A How-To Guide to Routine Maintenance
Why it's importance, and simple steps to achieve it
We firmly believe providing high-quality equipment, products and support is the best way we ensure the quality our partners’ produce. We stand behind our products so you can stand confidently behind yours. However, supplying the equipment, tools and support is only the start.
A complete production process is a well-oiled machine requiring all parts to work together to perform at maximum efficiency. When it comes to the longevity and efficiency of your equipment, routine maintenance is vital. Regularly scheduled maintenance not only ensures your items are functioning properly but also helps to identify potential issues before they become major problems.
So, let me provide you with some easy steps to keep the equipment you rely on performing at its best. Following these can ensure that your equipment is properly maintained, can help you avoid expensive repairs, and will help ensure you’re giving your partners the quality they deserve.
Why Is Routine Maintenance Important?
The old saying is penny wise and pound foolish. By performing routine maintenance, you can identify small issues before they turn into larger, more costly problems. In the long run, regular maintenance will save you money by avoiding expensive repairs and replacements.
Regular maintenance without a doubt extends the life of your equipment. A well-maintained item will perform better and last longer than one that has been overlooked. A grinding spindle with years of glass build-up must work harder than a clean spindle. Electric motors these days are not inexpensive, and if they’re working harder that means a shorter lifespan.
Clean spindles allow your equipment to run at optimal speeds, as does a proper coolant to water ratio. Not replacing brushes leads to scratches and remakes. Not properly indexing diamond wheels means cutting too much or too little off your glass and/or poor polishing.
Timely maintenance will catch a safety hazard before an incident. Glass processing requires water and electricity, you want to make sure water is staying where it is supposed to be, and not being exposed to electrical current.
Steps to Follow for Routine Maintenance
Create a Schedule
This is number one on the list for a reason. Most, if not all, equipment manufacturers have the maintenance schedule in their manuals. It will tell you what to do and when to do it.
The daily/weekly items should become part of the routine for daily operation. For longer-term items, create an automatic calendar in Outlook to generate reminders before they’re required. As these are often more in depth, the heads up will allow you time to plan to take the machine out of service, if needed, to complete the maintenance.
Daily maintenance tasks should be printed, laminated, and then displayed on the equipment itself. You can go further and create checklists for each interval which confirm what was done, when it was done and by whom. This holds everyone accountable for keeping your equipment in the best condition.
This should be part of the daily schedule, listed separately to stress importance. Glass grindings are like cement; if you let them build up it takes so much more time to remove. Those hard grindings reduce the machine’s efficiency as stated above.
Ask one of our field engineers what most of their time is spent on when on a job, and they will tell you without a doubt it is cleaning.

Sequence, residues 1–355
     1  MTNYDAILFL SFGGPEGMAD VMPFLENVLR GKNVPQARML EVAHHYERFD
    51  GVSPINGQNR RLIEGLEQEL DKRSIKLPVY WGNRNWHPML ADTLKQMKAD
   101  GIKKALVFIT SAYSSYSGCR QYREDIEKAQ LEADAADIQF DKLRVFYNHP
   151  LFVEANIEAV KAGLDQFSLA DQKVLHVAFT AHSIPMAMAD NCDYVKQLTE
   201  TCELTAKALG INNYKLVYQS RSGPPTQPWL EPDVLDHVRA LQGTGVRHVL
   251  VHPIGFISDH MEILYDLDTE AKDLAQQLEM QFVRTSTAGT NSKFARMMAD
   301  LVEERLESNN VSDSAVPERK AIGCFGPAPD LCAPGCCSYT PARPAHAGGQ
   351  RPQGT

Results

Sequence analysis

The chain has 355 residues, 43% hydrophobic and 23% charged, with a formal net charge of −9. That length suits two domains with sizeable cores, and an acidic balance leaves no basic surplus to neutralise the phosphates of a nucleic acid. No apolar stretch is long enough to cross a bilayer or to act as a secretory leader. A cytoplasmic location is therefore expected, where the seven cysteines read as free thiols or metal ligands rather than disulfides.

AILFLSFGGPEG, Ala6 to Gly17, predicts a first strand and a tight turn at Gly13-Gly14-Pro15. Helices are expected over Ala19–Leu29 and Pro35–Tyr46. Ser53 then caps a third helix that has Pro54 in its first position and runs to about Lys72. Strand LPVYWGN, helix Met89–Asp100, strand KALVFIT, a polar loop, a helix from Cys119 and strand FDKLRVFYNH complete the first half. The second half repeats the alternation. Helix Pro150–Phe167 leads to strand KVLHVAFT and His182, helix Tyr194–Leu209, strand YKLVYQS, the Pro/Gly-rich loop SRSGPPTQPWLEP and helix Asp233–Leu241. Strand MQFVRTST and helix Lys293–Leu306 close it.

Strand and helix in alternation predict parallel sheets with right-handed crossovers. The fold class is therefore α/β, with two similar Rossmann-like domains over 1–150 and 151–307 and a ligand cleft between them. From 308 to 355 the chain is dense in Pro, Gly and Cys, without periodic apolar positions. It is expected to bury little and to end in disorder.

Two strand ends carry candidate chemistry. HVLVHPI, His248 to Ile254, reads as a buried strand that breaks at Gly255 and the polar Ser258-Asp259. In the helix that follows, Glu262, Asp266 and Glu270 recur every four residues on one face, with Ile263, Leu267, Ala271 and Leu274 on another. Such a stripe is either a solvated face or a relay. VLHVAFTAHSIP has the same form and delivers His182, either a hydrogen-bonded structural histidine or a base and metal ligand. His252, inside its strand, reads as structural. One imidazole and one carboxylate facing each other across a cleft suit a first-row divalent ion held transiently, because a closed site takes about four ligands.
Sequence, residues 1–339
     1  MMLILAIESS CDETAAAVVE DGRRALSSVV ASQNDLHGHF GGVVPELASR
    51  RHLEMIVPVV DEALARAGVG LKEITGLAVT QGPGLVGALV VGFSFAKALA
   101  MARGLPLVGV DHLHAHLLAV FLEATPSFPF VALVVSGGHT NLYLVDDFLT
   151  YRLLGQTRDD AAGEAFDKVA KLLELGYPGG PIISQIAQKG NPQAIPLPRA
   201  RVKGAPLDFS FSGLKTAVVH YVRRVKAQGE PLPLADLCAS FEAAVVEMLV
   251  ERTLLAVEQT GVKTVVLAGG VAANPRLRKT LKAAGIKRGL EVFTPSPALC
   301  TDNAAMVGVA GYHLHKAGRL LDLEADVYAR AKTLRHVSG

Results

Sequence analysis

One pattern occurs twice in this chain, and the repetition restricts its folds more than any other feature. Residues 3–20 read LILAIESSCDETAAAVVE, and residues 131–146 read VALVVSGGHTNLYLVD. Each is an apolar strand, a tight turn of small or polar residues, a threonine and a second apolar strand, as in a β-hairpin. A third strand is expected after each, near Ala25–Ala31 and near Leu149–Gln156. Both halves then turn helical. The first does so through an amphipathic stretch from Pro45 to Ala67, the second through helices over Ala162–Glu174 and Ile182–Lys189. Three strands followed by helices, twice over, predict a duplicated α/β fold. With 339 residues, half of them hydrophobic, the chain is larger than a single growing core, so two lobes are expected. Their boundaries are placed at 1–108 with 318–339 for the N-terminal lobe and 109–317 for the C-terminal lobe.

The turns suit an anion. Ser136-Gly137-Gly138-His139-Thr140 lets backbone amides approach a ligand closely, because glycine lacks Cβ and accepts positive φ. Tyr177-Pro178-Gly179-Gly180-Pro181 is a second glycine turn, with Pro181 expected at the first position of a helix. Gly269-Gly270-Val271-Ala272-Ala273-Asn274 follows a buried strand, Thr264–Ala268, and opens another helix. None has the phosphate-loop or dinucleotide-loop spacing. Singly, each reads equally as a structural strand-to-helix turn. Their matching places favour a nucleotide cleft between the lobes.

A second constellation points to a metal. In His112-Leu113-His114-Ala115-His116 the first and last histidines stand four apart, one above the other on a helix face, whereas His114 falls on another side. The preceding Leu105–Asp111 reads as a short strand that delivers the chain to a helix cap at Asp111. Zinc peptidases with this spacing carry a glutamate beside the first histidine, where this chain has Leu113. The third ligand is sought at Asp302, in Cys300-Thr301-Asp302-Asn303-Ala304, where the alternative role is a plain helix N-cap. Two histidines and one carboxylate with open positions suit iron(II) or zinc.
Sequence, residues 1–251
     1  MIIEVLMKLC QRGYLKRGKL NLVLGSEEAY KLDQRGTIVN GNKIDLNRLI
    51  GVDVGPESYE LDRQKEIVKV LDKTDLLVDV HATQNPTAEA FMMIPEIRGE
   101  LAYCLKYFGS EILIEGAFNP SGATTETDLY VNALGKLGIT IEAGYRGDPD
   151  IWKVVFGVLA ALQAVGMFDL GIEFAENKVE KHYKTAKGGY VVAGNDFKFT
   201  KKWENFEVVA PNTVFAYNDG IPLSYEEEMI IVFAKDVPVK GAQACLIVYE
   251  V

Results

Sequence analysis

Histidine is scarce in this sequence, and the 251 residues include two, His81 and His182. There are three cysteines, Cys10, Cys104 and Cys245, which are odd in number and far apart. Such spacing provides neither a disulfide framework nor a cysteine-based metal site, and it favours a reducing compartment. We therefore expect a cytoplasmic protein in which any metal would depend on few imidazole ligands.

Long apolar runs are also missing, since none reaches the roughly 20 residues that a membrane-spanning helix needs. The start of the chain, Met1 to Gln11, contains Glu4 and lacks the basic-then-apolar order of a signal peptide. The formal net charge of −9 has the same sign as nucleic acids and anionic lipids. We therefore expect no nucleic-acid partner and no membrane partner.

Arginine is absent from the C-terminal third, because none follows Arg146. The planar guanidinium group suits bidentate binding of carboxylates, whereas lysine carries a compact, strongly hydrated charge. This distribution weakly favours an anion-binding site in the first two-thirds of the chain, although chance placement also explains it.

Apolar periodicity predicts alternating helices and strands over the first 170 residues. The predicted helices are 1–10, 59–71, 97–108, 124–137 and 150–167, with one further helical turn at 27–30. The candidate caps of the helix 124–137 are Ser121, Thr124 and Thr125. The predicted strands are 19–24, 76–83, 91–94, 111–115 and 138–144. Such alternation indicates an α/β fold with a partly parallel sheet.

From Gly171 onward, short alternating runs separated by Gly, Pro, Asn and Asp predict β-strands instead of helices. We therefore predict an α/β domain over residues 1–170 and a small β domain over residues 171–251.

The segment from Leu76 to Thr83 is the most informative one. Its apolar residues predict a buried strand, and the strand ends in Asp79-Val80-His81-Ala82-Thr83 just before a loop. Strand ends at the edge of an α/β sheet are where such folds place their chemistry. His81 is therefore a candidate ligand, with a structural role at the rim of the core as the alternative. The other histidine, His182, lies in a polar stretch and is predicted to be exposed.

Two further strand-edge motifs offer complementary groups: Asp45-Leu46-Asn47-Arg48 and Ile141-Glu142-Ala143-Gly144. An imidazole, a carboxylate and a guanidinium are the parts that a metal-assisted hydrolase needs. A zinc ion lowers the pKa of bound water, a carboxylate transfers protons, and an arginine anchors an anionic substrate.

Hire a Professional
Use the experts for what they’re best at; yes, they can clean, but so can your team, who need not know the full ins and outs of a product.
Even when you’re maintaining your equipment properly, there are advantages to bringing in the experts. For the large or intricate jobs, they’ll ensure the job is done correctly and safely. Preventative maintenance contracts are supplied by most all equipment providers, so take advantage of them. They are designed for you and the manufacturer, allowing you both to catch a (metaphorical) spark before it turns into a raging fire. If we’re at your plant checking equipment twice per year, we hold some responsibility for your equipment performing properly.
Replace & Stock Spare Parts
Glass is a hard material and processing glass wears everything. This makes it critical to replace items when they should be replaced. The best companies replace items before they are worn out because they know if they wear completely it is going to start wearing other items and creating a larger expense.
Your equipment provider should have a suggested parts list to keep on hand; these are items which, if they go out, are going to prevent the machine from operating. Having these spares on hand allows your equipment to get back online quickly, and without adding extra costs of next day shipping a motor that weighs hundreds of pounds, or scheduling an emergency service visit that may take a week or two to get.
Communicate across the team
Open communication between operators, supervisors, management, and maintenance teams (if you have them) is highly valuable. Explain to all what is going to be done and why it is important. Create an environment where the team is proud of the equipment they’re responsible for.
When they see it as their own, they will want to keep it in the best shape. Management should support and communicate with those they rely on to produce the quality that is expected of them. You do not want an environment where there is fear of mentioning something is broken or needs to be replaced.
Now you see why routine maintenance is essential for the longevity, safety, and efficiency of your equipment.